Dripping Paint Glass Jar

This cute craft uses watered-down paint to create a dripping pattern. Depending on the colors you choose, the results can look like marble, tie-dye, dripping paint and much more. Great as a gift itself, or filled with bath salts/oils or other non-food items.


Approximate Time: 20 minutes without drying time


  • glass jar
  • assorted acrylic paints
  • clear craft varnish/sealer
  • paintbrush
  • water

Notes On Jar: Try to use a "bumpy" glass for this project. The more super-slick the glass, the less the paint will stick and the straighter the drips will remain. You want a slightly rough glass to help the paint stick and give lots of interesting paths for the drips.

Notes On Paint

How you want to mix the paint is entirely up to you. I usually mix a tiny bit less than 2/3 paint with a tiny bit more than 1/3 water. You want the paint to be watery enough to drip, but not so watery that it loses color or drips right off the jar. Some paint will drip off, and you definitely need to do this project on a layer of newspapers and garbage bags. But your aim is to make most of the dots drip down, but not completely off, the jar.



  1. Start by washing and drying your glass jar very, very well.
  2. Begin making dripping dots on the jar by dipping your paintbrush into the watery paint and making big dots on the jar.
  3. Let dry between colors. This can take a few days, a few minutes here and there. It may take two minutes to paint the yellow dots, but if you want them to stay yellow, you need to let them dry before adding other colors.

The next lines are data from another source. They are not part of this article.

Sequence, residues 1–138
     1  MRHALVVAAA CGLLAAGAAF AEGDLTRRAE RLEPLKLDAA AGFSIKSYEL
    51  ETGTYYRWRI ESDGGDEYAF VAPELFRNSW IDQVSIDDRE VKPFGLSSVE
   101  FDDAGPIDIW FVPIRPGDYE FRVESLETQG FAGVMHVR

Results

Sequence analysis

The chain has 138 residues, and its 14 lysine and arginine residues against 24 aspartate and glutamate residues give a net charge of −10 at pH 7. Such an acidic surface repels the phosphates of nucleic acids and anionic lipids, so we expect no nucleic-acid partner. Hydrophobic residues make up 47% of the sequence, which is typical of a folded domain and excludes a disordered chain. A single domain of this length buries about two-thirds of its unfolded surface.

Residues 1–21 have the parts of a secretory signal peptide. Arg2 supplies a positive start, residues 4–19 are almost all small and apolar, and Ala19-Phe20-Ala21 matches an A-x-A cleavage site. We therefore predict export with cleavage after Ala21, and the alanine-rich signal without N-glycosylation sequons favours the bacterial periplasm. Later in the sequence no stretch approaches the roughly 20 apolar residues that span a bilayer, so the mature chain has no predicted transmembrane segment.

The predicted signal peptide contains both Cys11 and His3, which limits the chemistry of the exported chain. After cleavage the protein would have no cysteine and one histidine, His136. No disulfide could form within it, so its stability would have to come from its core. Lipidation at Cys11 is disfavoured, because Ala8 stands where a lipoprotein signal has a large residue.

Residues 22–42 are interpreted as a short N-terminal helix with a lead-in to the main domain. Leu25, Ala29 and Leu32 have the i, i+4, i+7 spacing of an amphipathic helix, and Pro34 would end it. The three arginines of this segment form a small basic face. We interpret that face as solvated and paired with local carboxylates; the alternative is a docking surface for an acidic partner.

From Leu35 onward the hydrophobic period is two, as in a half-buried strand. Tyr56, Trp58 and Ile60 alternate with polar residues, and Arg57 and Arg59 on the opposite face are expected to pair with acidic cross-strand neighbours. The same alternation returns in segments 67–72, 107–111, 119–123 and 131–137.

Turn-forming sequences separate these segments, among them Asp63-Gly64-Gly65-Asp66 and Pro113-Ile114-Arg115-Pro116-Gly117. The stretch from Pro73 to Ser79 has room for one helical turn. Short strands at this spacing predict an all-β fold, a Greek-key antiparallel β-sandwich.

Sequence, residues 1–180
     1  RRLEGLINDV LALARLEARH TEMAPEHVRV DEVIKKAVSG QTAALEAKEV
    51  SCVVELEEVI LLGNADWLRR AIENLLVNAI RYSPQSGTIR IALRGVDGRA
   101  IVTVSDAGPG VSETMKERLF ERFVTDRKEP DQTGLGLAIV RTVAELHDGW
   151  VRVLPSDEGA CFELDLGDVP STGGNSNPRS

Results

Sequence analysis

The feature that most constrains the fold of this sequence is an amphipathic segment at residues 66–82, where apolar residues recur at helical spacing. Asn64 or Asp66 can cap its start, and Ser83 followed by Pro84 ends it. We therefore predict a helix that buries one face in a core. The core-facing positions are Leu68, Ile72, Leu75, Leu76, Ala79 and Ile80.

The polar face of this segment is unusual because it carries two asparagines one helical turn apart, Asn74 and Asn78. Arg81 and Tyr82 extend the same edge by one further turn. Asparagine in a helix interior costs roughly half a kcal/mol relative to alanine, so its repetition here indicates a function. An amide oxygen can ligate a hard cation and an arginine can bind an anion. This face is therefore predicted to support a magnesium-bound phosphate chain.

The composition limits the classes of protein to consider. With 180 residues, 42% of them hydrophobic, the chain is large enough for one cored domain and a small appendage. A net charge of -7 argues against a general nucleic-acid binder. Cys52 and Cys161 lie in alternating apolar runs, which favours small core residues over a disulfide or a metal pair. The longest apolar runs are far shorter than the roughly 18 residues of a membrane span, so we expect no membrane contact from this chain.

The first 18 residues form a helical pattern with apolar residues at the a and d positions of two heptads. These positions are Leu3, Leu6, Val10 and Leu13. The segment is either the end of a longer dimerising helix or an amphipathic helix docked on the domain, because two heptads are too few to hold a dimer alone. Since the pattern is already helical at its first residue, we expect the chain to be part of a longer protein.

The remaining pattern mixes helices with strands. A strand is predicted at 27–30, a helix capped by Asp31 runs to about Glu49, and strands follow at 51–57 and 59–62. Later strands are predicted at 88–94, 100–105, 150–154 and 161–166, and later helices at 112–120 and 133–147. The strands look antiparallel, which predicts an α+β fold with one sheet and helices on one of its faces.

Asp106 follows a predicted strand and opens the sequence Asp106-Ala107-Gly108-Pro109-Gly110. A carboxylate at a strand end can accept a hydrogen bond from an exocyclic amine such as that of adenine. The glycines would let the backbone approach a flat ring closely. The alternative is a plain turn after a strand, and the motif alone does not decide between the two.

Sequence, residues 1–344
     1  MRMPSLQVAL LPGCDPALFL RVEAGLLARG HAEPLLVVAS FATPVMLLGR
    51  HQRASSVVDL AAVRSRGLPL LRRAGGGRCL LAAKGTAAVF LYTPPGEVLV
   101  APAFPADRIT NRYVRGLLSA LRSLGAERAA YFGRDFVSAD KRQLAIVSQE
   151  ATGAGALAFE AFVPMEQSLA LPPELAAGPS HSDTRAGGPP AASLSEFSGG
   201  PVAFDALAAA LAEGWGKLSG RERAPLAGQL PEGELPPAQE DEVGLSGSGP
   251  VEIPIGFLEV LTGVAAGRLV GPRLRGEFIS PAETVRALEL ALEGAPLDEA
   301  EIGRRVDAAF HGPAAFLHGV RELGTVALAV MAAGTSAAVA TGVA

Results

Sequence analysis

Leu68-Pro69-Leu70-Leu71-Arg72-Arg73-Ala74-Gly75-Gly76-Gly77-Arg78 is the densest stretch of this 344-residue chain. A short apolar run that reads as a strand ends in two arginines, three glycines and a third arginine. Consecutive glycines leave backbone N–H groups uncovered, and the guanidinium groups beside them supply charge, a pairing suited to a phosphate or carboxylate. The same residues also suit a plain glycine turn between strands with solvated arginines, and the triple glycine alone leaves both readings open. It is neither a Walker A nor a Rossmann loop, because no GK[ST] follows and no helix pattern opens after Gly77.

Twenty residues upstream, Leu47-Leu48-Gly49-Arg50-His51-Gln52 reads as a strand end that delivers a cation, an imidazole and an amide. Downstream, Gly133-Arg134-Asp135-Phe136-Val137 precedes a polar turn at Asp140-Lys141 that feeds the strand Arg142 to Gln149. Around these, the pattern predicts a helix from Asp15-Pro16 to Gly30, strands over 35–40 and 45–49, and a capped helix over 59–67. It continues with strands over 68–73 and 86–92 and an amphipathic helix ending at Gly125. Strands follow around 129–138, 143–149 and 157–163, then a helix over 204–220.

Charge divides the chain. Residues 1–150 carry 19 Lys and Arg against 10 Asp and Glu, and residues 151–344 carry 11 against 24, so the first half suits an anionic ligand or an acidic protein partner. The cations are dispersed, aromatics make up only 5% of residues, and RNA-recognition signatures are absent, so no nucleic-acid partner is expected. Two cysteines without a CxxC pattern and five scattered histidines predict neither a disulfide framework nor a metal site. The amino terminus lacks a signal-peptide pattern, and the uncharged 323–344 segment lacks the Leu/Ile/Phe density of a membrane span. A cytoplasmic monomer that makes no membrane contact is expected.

4. You can mix colors to get a neat effect, just make dots all around the jar with two different colors. Let the colors drip together, don't try to force them by placing one right below the other. Each time you apply a new layer of paint, make the dots smaller. Start the dots big and keep going until they shrink down and blend into the background. It's OK if every dot doesn't drip, just try to make sure most do.
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  6. Once you reach the desired effect, let the jar dry for at least a day to make sure everything is set.
  7. Cover the jar in a light, even coat of clear varnish and let dry. The jar will last for awhile, but not forever. You can clean it with a damp rag, but never put it in the dishwasher, oven, soapy sink and so on.

To make the same exact jar I made, you will have to apply the colors as follows:

  • blue and yellow, let them drip together and then dry
  • red, let drip, then dry
  • green and peach, let them drip together, and then dry
  • blue, let drip, then dry
  • red, let drip, then dry
  • yellow, let drip, then dry

By Aysha from Boise, ID

Dripping paint jar.

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By cat lover 1 (Guest Post)
January 19, 20090 found this helpful

That looks so cool. I love the colors in it. The shape of the vase is cool, too.

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By Racer (Guest Post)
January 20, 20090 found this helpful

I do a similar project with candles from around the house. I drip the wax on them and it rolls down.
It dries fast and then I usually use them to hold pencils and such.

Reply Was this helpful? Yes

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